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Visiting Life: Women Doing Time on the Outside Hardcover – Jun 12 2007

3.5 out of 5 stars 2 customer reviews

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99 by Wayne Gretzky 99 by Wayne Gretzky

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Product Details

  • Hardcover: 272 pages
  • Publisher: Crown; 1 edition (June 12 2007)
  • Language: English
  • ISBN-10: 0307338363
  • ISBN-13: 978-0307338365
  • Product Dimensions: 14.8 x 2.4 x 21.6 cm
  • Shipping Weight: 386 g
  • Average Customer Review: 3.5 out of 5 stars 2 customer reviews
  • Amazon Bestsellers Rank: #1,259,188 in Books (See Top 100 in Books)
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Product Description

From Publishers Weekly

When things go very wrong, fleeing the scene of the disaster is a time-honored response. But in this memoir cum social history, PW's West Coast editor Kinsella puts a new spin on an old story. When her husband of nine years announces that he is gay, she feels stripped of identity and purpose and heads west, seeking to start afresh. Launching a new career as a literary agent, she makes an unlikely friend: Rory Mehan, a convicted murderer doing life without parole at a maximum-security prison in northern California. But Rory is also a novelist, philosopher and doorway to a world Kinsella reveals in this book—one populated by the girlfriends, spouses and children of incarcerated men. The story is strongest when she turns the focus on these women and children. But there are also particularly poignant passages when Kinsella details her own struggle to come to terms with the fact that, at 40, she will most likely never have the children she had so desperately wanted. What becomes a romantic relationship with Rory raises core questions for her—a good Catholic girl and one-time honor student—about values and identity. Kinsella, though, seems less willing to go as deep as Rory or the women she profiles do in revealing those issues but still presents a powerful story. (June 12)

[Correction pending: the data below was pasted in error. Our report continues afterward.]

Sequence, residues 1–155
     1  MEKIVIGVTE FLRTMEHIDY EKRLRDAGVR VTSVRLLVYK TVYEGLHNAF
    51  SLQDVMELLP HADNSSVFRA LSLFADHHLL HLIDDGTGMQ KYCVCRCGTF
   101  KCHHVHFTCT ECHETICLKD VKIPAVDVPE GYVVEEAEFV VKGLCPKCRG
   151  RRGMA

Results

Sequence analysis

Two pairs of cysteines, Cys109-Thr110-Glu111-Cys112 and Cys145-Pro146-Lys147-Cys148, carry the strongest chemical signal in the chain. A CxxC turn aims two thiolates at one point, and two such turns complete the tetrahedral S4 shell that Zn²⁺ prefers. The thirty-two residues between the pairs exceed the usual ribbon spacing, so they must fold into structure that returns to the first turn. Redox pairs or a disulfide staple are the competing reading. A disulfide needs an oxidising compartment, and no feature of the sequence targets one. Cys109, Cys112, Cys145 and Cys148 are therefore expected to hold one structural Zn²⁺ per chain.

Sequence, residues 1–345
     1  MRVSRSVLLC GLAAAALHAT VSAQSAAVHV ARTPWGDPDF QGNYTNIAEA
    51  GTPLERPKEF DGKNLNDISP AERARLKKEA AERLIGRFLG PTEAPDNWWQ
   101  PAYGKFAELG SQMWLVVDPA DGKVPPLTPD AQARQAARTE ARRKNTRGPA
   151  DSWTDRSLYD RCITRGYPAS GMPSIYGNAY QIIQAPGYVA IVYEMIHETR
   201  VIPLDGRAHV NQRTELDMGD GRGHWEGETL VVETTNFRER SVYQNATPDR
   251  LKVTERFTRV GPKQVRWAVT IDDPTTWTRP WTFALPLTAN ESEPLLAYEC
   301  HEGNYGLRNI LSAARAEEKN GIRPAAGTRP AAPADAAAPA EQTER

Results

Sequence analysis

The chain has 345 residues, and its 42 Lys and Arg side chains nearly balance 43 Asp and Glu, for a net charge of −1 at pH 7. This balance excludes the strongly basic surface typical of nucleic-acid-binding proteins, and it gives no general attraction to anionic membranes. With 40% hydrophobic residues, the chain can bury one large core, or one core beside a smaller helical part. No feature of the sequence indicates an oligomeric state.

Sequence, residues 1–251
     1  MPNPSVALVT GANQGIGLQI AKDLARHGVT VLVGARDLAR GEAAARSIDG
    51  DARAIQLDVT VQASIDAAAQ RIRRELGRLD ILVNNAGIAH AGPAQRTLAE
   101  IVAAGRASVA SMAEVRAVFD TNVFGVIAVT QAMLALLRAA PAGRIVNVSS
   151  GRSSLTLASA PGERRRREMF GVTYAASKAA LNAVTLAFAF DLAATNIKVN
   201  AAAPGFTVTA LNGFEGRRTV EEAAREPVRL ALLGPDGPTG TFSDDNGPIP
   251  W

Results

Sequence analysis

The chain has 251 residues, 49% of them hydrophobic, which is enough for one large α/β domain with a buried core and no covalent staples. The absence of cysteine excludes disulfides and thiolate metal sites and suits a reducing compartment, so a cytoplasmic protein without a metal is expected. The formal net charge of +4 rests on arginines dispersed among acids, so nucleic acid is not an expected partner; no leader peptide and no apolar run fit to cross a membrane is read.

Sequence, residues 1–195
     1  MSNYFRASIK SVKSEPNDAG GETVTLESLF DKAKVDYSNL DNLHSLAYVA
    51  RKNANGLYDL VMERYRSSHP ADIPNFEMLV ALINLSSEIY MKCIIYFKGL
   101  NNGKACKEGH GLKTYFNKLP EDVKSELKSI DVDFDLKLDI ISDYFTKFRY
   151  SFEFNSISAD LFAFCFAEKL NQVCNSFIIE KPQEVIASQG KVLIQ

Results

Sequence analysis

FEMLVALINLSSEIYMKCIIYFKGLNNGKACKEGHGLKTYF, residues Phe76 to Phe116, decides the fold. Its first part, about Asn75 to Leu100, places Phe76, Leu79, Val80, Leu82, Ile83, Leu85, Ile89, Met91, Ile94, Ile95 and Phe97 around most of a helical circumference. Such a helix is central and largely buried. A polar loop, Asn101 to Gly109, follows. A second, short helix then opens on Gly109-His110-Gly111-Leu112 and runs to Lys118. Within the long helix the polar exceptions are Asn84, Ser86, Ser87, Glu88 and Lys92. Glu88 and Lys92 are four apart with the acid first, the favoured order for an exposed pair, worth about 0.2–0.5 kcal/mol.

Copyright © Reed Business Information, a division of Reed Elsevier Inc. All rights reserved.

About the Author

Bridget Kinsella is an editor at Publishers Weekly. Her work has appeared in publications such as the Chicago Tribune and Writer’s Digest, and on NPR and She lives in Northern California.

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Customer Reviews

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Top Customer Reviews

Format: Hardcover
I thought Barbara Ehrenreich was rather arrogant in her written tone in "Nickel & Dimed", but Kinsella seems to have managed to outdo her in "Visiting Life: Women Doing Time on the Outside".
Kinsella writes (somehow managing to strike that delicate balance between arrogance and paternalistic condescension) minimally of her time spent visiting an inmate, in more detail regarding her feelings and thoughts towards the other women there to visit their own men in prison, and finally (and this is by far the most thorough part of the book) on her own personal musings.